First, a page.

Despite a smattering of torrential downpour in the middle of the day, the U.S. Open churned through its schedule largely without incident. So, too, did most of the seeded players and favorites. But just like yesterday’s double-take discussion in which Maria Sharapova explained to the press why she had scheduled an ultrasound recently, some of the occurrences on day one were a bit unexpected.
Early in the day, there were some interesting developments for the women’s draw, as Sabine Lisicki and Julia Goerges were knocked out. Both players could have presented a tricky fourth-round challenge for top seed Victoria Azarenka, and their early departure helps clear the path for the Belarusian’s first quarterfinal appearance here. The men’s side wobbled, too, with the twelfth seed (and former quarterfinalist here), Marin Čilić, stretching his match to five sets against a guy amusingly described as having “a good season by his standards.” The Croat came back from two sets down and finally claimed victory against Marinko Matosevic at 12:40 am this morning. While such a gritty victory can make a player bulletproof going forward, it’s a rough way to start a two-week tournament. A weary Čilić would make it that much easier for Jo Wilfred Tsonga to once again reach the quarterfinals this year, matching last year’s results.
In the quarters, Tsonga could meet Andy Murray, who had a curious start to his own campaign for his first Grand Slam. The Scotsman couldn’t seem to play with conviction against Alex Bogomolov Jr., despite walking away with a straight-set win. At 3–1 in the final set, Murray strangely (and scarily, at the time) took an awkward stumble after a net approach, hushing the crowd as he drooped over for several moments. Luckily though, he was just hampered by a cramp in the middle of the point. Hydrate yourself, you crazy hope of a nation, you!
Aside from that, most results were fairly expected. Victoria Azarenka, Sam Stosur, Li Na, and Maria Sharapova (who’s not pregnant, by the way) all crushed in their debut, while the exhausted Petra Kvitova, unsurprisingly, struggled through her two-set victory. Day one then symbolically ended with a night of U.S. Open stars dashing the dreams of the American tennis youth, with both Kim Clijsters and Roger Federer predictably coming through in straight sets. (American dreams can continue to ride on the shoulders of Mardy Fish, James Blake, and Jack Sock, though, who all live to see another round.)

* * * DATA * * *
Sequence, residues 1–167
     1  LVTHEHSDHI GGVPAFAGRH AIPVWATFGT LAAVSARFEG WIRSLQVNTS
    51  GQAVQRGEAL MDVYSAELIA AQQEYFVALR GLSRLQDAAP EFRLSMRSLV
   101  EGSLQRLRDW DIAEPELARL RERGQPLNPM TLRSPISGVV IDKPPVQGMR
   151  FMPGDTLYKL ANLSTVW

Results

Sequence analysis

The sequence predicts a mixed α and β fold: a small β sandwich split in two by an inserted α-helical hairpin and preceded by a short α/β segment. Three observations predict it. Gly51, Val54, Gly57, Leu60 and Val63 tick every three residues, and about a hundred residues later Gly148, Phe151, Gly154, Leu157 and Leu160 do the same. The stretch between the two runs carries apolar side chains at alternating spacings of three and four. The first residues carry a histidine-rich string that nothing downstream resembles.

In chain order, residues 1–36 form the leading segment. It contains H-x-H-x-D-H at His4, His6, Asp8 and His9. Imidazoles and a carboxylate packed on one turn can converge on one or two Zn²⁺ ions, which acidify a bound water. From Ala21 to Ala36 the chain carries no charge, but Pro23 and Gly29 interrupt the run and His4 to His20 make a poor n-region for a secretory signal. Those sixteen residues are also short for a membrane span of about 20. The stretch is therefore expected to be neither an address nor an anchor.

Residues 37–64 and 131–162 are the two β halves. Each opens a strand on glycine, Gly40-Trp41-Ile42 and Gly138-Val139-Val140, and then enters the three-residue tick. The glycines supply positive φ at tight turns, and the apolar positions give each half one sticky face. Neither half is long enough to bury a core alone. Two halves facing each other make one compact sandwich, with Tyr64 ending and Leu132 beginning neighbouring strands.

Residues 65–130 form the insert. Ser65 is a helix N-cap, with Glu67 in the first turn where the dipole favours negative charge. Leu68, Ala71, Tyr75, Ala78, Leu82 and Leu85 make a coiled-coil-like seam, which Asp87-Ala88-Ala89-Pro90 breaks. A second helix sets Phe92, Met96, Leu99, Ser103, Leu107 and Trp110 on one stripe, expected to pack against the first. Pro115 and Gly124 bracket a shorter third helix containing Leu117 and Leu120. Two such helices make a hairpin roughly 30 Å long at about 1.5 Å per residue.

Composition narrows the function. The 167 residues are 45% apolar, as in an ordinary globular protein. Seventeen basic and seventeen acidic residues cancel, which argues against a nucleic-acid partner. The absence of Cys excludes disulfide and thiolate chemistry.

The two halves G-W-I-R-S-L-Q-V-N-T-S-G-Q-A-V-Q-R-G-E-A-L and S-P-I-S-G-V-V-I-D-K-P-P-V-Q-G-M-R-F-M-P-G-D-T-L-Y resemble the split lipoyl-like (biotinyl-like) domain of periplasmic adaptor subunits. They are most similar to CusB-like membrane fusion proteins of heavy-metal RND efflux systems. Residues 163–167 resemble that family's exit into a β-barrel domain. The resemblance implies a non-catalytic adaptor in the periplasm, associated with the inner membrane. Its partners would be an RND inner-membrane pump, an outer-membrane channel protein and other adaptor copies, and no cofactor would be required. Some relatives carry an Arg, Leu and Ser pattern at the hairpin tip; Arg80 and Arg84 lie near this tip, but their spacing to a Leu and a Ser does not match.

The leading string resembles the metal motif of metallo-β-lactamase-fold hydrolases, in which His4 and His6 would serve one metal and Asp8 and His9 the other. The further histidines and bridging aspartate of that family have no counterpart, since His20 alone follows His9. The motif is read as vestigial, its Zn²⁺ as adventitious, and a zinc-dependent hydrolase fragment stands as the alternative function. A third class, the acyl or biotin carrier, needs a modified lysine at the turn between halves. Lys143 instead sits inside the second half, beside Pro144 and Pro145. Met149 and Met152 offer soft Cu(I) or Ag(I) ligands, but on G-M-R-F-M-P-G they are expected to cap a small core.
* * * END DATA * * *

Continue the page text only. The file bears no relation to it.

There was even the customary U.S. Open rain delay! Around noon, fans ran like the Bubble Girl meme for safety from the sudden pelting deluge, and we were reminded of that usual thorn in the USTA’s side: There’s no roof on the main court. Wimbledon and the Australian Open each have a mechanical cover, and the French Open arguably doesn’t need one since you can play on clay with light rain. But the U.S. has got nada.
Prior to this year, it was the default argument that a roof just wasn’t possible, since the USTA made Arthur Ashe Stadium so glutinously large. But after much industry kvetching about a fourth-consecutive year in which the tournament was pushed to a Monday completion, the organization appears to be publically changing its tune. (Kind of.) In a statement to the New York Times on Sunday, chief operating officer Gordon Smith said a roof was imminent — once the technology catches up.
In theory, it doesn’t seem like a single roof would assist in moving along a combined count of 124 players all that much, but it does keep the show-court rotation of marquee names on track. When it comes to the visibility of your sport, this is crucial; if ESPN or CBS has to show a screen saver of rain for several hours, it will dull viewer interest in the product. New York is due for a rained out Labor Day weekend, the gem at the center of the tournament, so you can expect to hear further debate on the matter of a roof again, from players, media, and commentators alike. Just don’t expect the USTA to give a concrete timeline on the matter — or an explanation for how their roofless tournament will manage to formalize a “day of rest” between the semifinals and final (finally doing away with the much maligned scheduling tradition of Super Saturday) and still manage to finish on Sunday.